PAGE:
These heavy rains are blamed on El Niño, a natural phenomenon characterized by an unusual warming of the sea surface temperature in the central and eastern equatorial Pacific Ocean. This phenomenon occurs every two to seven years, and lasts about 18 months at a time. El Niño significantly disrupts precipitation and wind patterns, giving rise to extreme weather events around the planet.

In Peru, this translates into rising temperatures along the north coast and intense rainfall, typically shortly before Christmas. That’s also when “huaicos” appear. “Huaico,” a word that comes from the Quechua language (wayq’u), refers to the enormous masses of mud and rocks carried by torrential rains from the Andes into rivers, causing them to overflow. These mudslides result from a combination of several natural factors including heavy rains, steep slopes, scarce vegetation, to name a few. But human factors also come into play and exacerbate their impact. That includes, in particular, the construction of human settlements in flood-prone basins or the absence of a comprehensive approach to disaster risk management.

This year’s floods are said to be comparable to those caused by El Niño in 1997-1998, one of the largest natural disasters in recent history, which claimed the lives of 374 people and caused US$1.2 billion worth of damages (data provided by the Peruvian National Institute of Civil Defense).

Twitter chat: Economic benefits of environment management in Sri Lanka

Ralph van Doorn's picture

Join us for #SLDU2017: Economic Benefits of Environment Management. This Twitter chat will be hosted by World Bank South Asia

What’s happening?

Join us for #SLDU2017: Economic Benefits of Environment Management. This Twitter chat will be hosted by World Bank South Asia (@WorldBankSAsia) in collaboration with the Institute for Policy Studies IPS (@TalkEconomicsSL).
 
When is it?
August 21, 2017 from 5.30 – 7.30 pm
 
Unpacking #SLDU2017
The chat will explore the findings of the Sri Lanka Development Update (SLDU), published this June.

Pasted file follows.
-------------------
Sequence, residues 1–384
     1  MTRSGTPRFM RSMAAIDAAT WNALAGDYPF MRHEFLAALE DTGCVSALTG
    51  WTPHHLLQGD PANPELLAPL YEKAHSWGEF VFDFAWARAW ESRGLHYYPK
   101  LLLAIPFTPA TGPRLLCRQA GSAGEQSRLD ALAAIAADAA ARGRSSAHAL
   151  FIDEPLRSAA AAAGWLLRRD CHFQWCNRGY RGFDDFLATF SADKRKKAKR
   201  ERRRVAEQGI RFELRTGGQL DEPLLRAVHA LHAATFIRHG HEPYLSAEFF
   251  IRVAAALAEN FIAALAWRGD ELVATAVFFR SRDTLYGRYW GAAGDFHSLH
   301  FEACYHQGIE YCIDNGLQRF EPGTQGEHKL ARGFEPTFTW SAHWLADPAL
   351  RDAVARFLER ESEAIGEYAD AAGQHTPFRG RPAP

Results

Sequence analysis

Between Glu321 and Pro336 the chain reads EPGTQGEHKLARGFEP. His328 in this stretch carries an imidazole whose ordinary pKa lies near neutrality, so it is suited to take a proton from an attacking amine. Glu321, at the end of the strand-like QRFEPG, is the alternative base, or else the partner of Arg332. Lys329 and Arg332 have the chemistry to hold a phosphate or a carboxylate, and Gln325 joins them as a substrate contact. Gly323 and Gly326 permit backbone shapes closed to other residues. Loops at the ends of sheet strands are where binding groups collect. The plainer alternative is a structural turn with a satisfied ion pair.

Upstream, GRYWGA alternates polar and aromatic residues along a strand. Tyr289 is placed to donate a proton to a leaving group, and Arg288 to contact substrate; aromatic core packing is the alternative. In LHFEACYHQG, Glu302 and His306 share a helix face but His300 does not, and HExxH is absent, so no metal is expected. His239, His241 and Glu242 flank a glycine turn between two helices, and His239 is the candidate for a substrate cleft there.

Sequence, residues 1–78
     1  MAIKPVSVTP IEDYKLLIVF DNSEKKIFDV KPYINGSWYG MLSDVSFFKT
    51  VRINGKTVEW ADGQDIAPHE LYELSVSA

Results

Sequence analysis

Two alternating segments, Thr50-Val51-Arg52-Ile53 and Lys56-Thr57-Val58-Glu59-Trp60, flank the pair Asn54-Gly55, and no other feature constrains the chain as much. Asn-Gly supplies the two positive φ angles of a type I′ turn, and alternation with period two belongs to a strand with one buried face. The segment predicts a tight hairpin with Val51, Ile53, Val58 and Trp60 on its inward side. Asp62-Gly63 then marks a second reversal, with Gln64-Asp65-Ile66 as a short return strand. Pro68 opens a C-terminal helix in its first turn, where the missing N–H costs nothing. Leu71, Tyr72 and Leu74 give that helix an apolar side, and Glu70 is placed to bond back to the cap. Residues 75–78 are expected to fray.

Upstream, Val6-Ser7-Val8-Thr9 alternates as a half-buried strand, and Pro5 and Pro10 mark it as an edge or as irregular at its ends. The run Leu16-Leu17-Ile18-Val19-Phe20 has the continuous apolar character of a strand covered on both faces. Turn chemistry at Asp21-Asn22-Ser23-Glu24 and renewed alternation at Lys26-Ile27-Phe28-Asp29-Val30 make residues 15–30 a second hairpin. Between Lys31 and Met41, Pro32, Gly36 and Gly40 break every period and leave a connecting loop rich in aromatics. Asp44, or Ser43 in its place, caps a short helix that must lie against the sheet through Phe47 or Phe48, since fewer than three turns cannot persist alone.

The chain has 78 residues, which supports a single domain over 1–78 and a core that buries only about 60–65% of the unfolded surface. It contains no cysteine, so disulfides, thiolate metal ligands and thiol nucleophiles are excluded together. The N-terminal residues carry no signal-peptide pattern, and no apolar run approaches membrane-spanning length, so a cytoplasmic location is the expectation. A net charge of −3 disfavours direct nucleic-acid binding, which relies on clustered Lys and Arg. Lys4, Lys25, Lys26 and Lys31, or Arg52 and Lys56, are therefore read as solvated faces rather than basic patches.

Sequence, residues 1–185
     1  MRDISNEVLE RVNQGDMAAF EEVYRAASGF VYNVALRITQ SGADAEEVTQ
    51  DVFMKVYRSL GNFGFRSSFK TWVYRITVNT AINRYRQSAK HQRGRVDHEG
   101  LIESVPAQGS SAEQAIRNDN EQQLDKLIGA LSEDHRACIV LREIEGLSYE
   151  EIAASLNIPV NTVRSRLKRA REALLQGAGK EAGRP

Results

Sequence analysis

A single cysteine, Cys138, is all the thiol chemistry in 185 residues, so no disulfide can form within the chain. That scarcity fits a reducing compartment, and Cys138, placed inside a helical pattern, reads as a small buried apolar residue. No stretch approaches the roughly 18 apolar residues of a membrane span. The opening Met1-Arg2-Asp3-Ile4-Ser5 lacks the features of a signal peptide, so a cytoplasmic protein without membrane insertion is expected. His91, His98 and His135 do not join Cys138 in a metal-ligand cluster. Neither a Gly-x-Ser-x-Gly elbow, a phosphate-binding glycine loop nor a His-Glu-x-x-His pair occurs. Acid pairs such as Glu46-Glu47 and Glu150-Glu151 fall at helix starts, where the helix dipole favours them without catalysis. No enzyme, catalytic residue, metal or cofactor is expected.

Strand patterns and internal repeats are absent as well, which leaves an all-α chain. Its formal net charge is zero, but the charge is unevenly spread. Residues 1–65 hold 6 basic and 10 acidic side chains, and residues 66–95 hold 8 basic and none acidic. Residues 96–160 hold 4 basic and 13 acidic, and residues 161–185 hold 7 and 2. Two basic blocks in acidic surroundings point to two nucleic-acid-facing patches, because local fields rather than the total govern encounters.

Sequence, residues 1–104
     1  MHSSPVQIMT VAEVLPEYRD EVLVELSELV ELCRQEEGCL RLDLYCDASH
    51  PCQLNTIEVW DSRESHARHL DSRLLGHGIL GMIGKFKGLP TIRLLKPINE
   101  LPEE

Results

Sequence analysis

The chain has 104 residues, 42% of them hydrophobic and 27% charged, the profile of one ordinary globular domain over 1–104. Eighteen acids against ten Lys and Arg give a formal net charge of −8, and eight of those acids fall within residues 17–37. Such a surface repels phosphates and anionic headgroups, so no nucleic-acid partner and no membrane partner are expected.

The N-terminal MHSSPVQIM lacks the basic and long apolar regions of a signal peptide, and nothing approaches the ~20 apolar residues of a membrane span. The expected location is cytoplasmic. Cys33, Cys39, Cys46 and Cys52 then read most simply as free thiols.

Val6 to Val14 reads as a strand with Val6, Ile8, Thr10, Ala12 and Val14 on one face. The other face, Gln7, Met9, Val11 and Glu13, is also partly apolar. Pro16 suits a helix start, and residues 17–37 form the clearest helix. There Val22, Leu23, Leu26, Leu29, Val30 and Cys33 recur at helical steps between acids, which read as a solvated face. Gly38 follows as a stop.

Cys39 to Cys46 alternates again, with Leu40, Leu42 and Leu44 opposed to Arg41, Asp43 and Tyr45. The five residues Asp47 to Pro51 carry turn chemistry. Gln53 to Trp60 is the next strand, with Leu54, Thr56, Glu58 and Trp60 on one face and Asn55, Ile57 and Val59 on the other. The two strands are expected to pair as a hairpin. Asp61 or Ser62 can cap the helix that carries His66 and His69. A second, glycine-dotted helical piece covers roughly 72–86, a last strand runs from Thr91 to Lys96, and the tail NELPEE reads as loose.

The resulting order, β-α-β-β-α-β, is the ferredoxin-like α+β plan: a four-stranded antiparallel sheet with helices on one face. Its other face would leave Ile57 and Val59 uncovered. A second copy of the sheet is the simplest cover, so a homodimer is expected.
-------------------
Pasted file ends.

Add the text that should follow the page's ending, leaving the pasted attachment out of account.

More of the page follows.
I look forward to engaging with you together with a panel from different areas of expertise.
 
We’ll be discussing priority reforms with a focus on how Sri Lanka can better manage both its business and natural environment to bolster economic growth and sustain development.
 
In recent years, natural disasters have left parts of this island nation devastated, exacting a significant economic, fiscal and social toll. The SLDU identifies other challenges as well, pressing the case for fiscal consolidation, a new growth model, improved governance and programs to buffer against risk.
 
The latest update cautions against adopting piecemeal solutions, noting that the challenges facing the island nation are inter-linked and require a comprehensive and coordinated reform approach.
 
In the end, we also hope this Twitter chat will allow us to learn from you as we begin our preparations for the next SLDU.
 
How can you participate?
Never taken part in a Twitter chat before? It’s simple. Just think of this as an online Q&A. @WorldBankSAsia will moderate the discussion, posing questions to panellists. You are encouraged to join in too! Follow along, retweet and engage. If you have a question, simply tweet it out using the hashtag #SLDU2017. We’ll see it and try to get you some answers.

Transforming Karachi, Pakistan into a livable and competitive megacity

Jon Kher Kaw's picture
It will take Karachi as much as $10 billion of capital investment over the next decade to close the infrastructure gaps in the city.
 
On the ground, it is not too difficult to see why this is so. More than 40% of residents rely on public transport, but with 45 residents competing for one bus seat, travel within the city is difficult. Water supply is highly irregular, and rationing is widespread. The availability of water ranges from four hours per day to two hours every other day. Many households rely on private vendors who sell water from tankers at high prices. The sewage network has not been well maintained since the 1960s, and all three existing treatment plants are dysfunctional. Industrial waste, which contains hazardous materials and heavy oils, is dumped directly into the sea untreated. Of the 12,000 tons of municipal solid waste generated each day, 60% never reaches a dumpsite; 80% of medical waste is not disposed of properly.
 
Garbage accumulated on a road median in Karachi. Photo: Annie Bidgood / World Bank

Solar Energy — putting power back into the hands of ordinary Gazans

Sara Badiei's picture

"We have electricity for two hours every 24 hours," says a high-ranking energy official in Gaza. 

Up to just 10 years ago, Gaza enjoyed full, round-the-clock electricity supply 24 hours a day. But by 2016, this was reduced to 12 hours per day due to severe power shortages — and the situation has declined rapidly since.